Olympian Guest Opinion: Inslee and Kitzhaber can lead a Columbia resolution - By Sara Patton and Bryan Jones.
3. Is Lower Snake River dredging REALLY a top priority? Taxpayer questions keep piling up.
We continue to bird-dog the Corps’ plans to spend millions of dollars to maintain a barging corridor of dubious value and confront the growing flood risk at the towns of Clarkston, WA and Lewiston, ID created by the loads of sediment piling up behind Lower Granite dam. Local citizens and groups are calling attention to the many millions of taxpayers dollars the Corps intends to spend on dredging and other potential measures include raising levees - a measure that is wildly unpopular in Lewiston. The Corps' final environmental impact statement is expected sometime this summer.
The growing maintenance costs associated with the aging four lower Snake River dams, combined with continuous taxpayer funds needed to shore up the Port of Lewiston are prompting more people to question the long-term viability of both the Port and the waterway. Today the Port of Lewiston handles a fraction of the waterborne goods it did two decades ago as more businesses choose rail and truck to deliver goods to Portland and Seattle for export.
At a recent meeting in Lewiston, residents raised concerns about the costs of maintaining the Port of Lewiston. Local citizens are still paying an annual $500,000 tax annually to support the Port, despite promises 40 years ago of financial self-sufficiency within its first 10 years of operation. Questions over the economic worth of the Port were front and center at the recent Port meeting: The Port of Lewiston’s rising costs and shrinking benefits are begging larger questions about the economic viability of the lower Snake River transportation waterway – and indeed - the dams themselves.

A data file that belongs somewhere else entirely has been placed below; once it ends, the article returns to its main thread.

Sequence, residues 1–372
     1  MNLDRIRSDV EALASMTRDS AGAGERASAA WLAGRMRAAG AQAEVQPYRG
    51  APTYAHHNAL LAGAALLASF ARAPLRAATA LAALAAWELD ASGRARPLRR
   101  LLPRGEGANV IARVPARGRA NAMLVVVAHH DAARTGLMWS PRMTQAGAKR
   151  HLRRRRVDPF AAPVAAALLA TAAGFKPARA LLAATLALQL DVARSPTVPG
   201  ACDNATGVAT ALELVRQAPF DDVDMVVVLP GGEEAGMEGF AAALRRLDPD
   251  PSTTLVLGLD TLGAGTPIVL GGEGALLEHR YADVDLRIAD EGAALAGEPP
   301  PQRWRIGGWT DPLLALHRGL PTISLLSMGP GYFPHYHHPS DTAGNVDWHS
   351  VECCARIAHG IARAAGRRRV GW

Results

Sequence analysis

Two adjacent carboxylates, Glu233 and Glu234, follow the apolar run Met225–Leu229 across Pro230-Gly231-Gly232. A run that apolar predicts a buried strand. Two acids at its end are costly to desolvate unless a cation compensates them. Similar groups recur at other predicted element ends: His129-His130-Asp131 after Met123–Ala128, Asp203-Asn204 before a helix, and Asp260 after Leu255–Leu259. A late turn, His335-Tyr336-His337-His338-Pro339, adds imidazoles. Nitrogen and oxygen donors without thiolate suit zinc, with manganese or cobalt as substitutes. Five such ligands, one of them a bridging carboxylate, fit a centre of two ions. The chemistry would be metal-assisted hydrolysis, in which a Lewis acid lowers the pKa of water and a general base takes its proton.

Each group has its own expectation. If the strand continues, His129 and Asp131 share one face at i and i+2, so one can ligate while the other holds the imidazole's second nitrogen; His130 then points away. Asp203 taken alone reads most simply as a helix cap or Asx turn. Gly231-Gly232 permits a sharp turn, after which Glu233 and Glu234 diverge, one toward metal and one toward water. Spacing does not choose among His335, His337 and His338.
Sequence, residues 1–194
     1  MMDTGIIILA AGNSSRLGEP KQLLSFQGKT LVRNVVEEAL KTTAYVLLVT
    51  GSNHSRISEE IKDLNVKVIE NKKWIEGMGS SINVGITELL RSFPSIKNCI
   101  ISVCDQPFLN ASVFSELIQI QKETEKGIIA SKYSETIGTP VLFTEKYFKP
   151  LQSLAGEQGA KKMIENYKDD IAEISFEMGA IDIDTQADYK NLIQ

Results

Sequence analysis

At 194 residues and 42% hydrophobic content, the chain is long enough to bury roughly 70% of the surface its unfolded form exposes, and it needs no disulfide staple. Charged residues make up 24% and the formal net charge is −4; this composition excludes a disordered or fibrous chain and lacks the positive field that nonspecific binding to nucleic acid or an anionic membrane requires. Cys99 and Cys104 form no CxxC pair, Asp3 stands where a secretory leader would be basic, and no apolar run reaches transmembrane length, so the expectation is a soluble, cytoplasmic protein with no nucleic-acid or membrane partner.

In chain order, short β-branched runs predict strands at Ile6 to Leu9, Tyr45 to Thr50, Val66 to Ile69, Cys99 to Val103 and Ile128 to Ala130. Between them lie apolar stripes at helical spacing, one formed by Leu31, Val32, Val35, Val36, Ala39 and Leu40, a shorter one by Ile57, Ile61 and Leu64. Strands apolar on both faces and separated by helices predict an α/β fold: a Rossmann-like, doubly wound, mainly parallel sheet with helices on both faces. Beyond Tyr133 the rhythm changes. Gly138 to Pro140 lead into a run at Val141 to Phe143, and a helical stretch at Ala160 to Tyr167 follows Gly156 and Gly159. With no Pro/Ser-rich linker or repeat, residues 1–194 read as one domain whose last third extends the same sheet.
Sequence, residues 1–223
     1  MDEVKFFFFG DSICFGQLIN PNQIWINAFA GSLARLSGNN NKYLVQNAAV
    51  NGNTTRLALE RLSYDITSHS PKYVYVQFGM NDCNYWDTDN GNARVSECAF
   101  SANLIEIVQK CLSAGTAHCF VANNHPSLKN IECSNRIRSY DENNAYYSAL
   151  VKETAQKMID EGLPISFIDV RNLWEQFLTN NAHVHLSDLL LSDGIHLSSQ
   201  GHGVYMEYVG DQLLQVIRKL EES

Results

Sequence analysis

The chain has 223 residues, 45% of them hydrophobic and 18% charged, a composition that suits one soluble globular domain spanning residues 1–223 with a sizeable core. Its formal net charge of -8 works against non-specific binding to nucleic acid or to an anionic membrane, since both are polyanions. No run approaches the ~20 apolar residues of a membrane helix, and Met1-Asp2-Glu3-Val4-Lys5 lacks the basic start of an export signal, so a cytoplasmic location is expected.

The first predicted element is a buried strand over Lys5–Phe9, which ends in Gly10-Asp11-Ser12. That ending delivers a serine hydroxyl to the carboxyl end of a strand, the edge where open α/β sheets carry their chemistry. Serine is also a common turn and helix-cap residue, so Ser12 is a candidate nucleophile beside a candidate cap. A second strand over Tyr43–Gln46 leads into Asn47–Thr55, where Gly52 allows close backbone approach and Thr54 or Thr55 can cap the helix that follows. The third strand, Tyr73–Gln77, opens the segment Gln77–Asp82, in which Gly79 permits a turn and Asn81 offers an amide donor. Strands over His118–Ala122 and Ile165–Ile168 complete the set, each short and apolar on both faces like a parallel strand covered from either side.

The Lewiston Tribune recently published a piece -If you do the math, the dams don't add up - by Chris Carlson, a former advisor to long-time Idaho Governor and Interior Secretary Cecil Andrus, calling the question on the dams.
Excerpted from his new book Medimont Reflections, Carlson connects these low value dams to the growing crisis our nation faces over crumbling infrastructure and limited dollars to maintain them: “In this period of diminishing federal resources, as the nation tries to get a handle on its deficit spending challenge, the cost-benefits derived from (dam removal are) overwhelmingly compelling. Add to that the cost avoidance of the flooding of Lewiston and the elimination of shipping subsidies and breaching is a no-brainer.” Well said, Mr. Carlson.
4. Renewing the Columbia River Treaty: a-once-in-our-lifetime chance to help restore America’s greatest salmon river.
Save Our wild Salmon is joining with several other groups to make sure salmon and their habitats benefit from re-negotiation of the U.S.-Canada Columbia River Treaty that is now underway. This is a 50-year opportunity to re-align water, salmon and energy management in the Columbia Basin to flexibly respond to climate change, restore salmon where they have been extirpated, bring flood control into the 21st century, and do long-delayed justice to Columbia Basin Indian Tribes.??
The original 1964 Treaty contained just two purposes: hydroelectric development and flood control. This has privileged those two uses over all other Columbia uses and values, including river health, for 50 years. In addition, the Treaty was signed without consultation with Indian Tribes, yet they have been the people most negatively affected by it. The Treaty has done good for the Northwest, but it needs fundamental change if it is to keep doing good in the very different next 50 years awaiting us.